The ancient Greek hymnic tradition translated beautifully and accessibly. The hymn—as poetry, as craft, as a tool for worship and philosophy—was a vital art form throughout antiquity. Although the Homeric Hymns have long been popular, other equally important collections have not been readily accessible to students eager to learn about ancient poetry. In reading hymns, we also gain valuable insight into life in the classical world. In this collection, early Homeric Hymns of uncertain authorship appear along with the carefully wrought hymns of the great Hellenistic poet and courtier Callimachus; the mystical writings attributed to the legendary poet Orpheus, written as Christianity was taking over the ancient world; and finally, the hymns of Proclus, the last great pagan philosopher of antiquity, from the fifth century AD, whose intellectual influence throughout western culture has been profound.Greek Poems to the Gods distills over a thousand years of the ancient Greek hymnic tradition into a single volume. Acclaimed translator Barry B. Powell brings these fabulous texts to life in English, hewing closely to the poetic beauty of the original Greek. His superb introductions and notes give readers essential context, making the hymns as accessible to a beginner approaching them for the first time as to an advanced student continuing to explore their secrets. Brilliant illustrations from ancient art enliven and enrichen the experience of reading these poems.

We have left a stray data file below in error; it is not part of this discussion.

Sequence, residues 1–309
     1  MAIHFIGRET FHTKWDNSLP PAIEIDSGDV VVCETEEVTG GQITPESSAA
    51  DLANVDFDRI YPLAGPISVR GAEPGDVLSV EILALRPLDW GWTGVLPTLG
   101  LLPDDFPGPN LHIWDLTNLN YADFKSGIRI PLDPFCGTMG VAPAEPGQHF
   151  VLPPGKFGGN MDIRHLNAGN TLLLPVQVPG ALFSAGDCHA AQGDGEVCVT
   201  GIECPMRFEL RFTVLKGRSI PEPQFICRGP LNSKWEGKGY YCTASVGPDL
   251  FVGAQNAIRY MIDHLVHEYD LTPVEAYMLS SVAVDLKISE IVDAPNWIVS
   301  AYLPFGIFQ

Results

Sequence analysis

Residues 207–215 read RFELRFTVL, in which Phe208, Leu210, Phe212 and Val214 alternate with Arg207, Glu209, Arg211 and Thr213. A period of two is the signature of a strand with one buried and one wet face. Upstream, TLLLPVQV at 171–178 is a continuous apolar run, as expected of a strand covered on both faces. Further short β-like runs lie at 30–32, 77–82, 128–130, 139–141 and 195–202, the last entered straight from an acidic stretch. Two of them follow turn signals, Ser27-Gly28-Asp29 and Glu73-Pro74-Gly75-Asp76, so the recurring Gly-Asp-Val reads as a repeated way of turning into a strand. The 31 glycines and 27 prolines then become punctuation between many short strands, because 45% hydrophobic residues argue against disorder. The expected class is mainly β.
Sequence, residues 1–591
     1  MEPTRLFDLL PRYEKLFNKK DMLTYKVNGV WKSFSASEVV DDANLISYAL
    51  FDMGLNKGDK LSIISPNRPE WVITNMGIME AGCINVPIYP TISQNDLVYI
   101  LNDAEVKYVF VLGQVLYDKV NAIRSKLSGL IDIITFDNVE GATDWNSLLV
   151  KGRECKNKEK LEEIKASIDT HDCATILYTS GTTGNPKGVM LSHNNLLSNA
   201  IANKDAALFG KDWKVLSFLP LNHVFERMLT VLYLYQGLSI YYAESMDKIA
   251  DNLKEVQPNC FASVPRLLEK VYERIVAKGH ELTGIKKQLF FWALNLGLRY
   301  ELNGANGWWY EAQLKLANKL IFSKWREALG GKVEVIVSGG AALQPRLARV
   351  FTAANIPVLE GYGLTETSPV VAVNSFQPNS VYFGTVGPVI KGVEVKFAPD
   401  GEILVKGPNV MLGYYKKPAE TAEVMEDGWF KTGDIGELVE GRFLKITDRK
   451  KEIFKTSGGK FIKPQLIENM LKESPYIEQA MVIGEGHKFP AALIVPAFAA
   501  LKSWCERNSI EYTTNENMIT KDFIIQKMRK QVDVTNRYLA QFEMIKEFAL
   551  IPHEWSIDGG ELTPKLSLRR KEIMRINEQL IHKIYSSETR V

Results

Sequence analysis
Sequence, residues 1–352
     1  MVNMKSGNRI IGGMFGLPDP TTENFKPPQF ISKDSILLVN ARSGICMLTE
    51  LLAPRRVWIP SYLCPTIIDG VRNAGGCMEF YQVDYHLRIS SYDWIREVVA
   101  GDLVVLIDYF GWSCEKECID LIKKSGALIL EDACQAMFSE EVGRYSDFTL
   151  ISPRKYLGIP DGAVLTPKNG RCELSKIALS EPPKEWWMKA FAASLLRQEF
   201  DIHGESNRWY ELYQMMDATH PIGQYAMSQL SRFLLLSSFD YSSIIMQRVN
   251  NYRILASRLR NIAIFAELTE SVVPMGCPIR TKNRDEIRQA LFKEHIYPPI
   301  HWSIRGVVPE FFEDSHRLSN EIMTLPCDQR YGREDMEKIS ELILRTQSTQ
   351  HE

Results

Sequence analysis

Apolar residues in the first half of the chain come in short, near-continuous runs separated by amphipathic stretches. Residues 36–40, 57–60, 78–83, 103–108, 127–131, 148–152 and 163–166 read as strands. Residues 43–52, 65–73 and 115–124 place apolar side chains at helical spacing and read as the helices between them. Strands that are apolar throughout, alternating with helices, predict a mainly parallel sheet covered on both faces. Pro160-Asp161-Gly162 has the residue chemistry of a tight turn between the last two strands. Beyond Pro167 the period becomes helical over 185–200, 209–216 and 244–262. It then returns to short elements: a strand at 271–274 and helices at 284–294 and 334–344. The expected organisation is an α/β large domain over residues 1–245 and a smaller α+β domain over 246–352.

Ulysses S. Grant faces mortality and his own failing memory in this “exciting and vivid” play by the Tony Award-winning author of Six Degrees of Separation (Michael Feingold, Village Voice).
Arthur Schlesinger calls A Few Stout Individuals “a political extravaganza.” This latest work from award-winning playwright John Guare, author of House of Blue Leaves and Six Degrees of Separation, addresses ideas of history and memory, fame and ignominy, reason and insanity with his trademark Guare imagination.
In a Fifth Avenue brownstone in 1880s New York, former president and Civil War general Ulysses S. Grant is penniless, dying of throat cancer, and attempting to finish his memoirs while he’s cajoled and pestered by everyone from his wife and children to Samuel Clemens (aka Mark Twain) and, by way of drug-induced hallucinations, the Emperor of Japan. A thoroughly original play that explores the nature of memory, ambition, and history itself, A Few Stout Individuals is “unmistakably the product of Mr. Guare’s exotic yet very American imagination” (Ben Brantley, The New York Times).
From the mind of Walter Koenig (Star Trek: The Original Series, Babylon 5) comes Buck Alice and the Actor-Robot - a science-fiction comedy unlike anything you've ever heard before! When an alien invasion annihilates most of humanity, it's up to a small pocket of survivors to restart civilization. There's just one problem: they're all losers.From an Irish pub to the Florida Everglades, from the outermost reaches of space to the innermost regions of the mind, join a rag-tag group of humans and aliens as they face the end of one way of life and the beginning of another. Packed with absurdity, pathos, wry observations about human nature, and a story that will keep you on your toes until the final word, Buck Alice is an emotional journey you'll want to take again and again. With a full-cast, a sweeping original music score, and thousands of sound effects, the award winning Colonial Radio Theatre On The Air proudly presents a black comedy with a heart that pumps slightly acidic blood. Grab a manhole cover and prepare yourself for a story that begins when all others end - Buck Alice and the Actor-Robot!